The Red Cross would bring lists
to the Jewish community council. Each day I would go
to look at the lists, but I wasn’t looking for Aliza. I couldn’t imagine that Aliza might have
survived the death march. But I went each day,
for six months. One day I went and I saw
Aliza’s name on the list. I thought I will wait and see, maybe she will
come to Greece. And she did. She went in to register.
I came in. “Aliza,” “Ovadia,”
we hugged. People thought
we were siblings. She told me, “I did not forget what
you once had written me in a note,” “but I can’t come.
You’ve lost a large family,” “I can’t provide that for you.” I said, “I don’t want children.” “I want to marry you.
I don’t want to have children.” She said, “if you sign in the Kettubah
[wedding contract]” “that you don’t want children,
I will marry you.” I said, “You want a Signature?” “I will give you seventeen signatures!”
And I married Aliza. It’s far from obvious
that Holocaust survivors, after all that they
have been through, would choose to return to life
instead of becoming embittered people, would choose to raise families
and have careers. Yet this is what Ovadia does –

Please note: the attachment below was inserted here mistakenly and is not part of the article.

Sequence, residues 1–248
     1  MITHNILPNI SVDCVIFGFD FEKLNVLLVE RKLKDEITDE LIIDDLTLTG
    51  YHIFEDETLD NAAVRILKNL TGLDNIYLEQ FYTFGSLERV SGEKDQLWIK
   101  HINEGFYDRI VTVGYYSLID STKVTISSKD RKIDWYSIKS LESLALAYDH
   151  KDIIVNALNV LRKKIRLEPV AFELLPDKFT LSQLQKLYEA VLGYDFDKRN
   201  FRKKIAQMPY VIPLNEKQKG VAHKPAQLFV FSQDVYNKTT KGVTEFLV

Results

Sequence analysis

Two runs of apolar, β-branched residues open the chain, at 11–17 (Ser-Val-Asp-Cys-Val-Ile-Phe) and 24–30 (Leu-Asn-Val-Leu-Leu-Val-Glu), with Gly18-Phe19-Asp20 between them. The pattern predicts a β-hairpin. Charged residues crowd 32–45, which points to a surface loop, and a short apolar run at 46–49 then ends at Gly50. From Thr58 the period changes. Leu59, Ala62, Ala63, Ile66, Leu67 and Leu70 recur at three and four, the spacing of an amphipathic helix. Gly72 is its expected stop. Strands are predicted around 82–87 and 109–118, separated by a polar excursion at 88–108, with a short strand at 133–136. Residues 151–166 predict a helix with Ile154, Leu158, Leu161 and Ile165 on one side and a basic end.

he marries Aliza, he has a family with her, and in one of perhaps the most
surprising aspects of the film, he believes that returning to life, also involves –
it’s significant for him – to return to the camps,
now as a free man, together with his son. This is the victory over the Nazis. I came here with my grandchildren
and my children, I have traveled all over this country, and I said, “This is
the victory over the Nazis.” I defied the Nazis,
raised a family, I was liberated from Auschwitz,
I have seen the end of Hitler, I have seen the end of Himmler,
I have seen the end of all the generals, and here I am,
the son of a simple laborer. I don’t know
what right I had (to survive). There were rabbis, professors… I don’t understand why I was so
fortunate to have survived.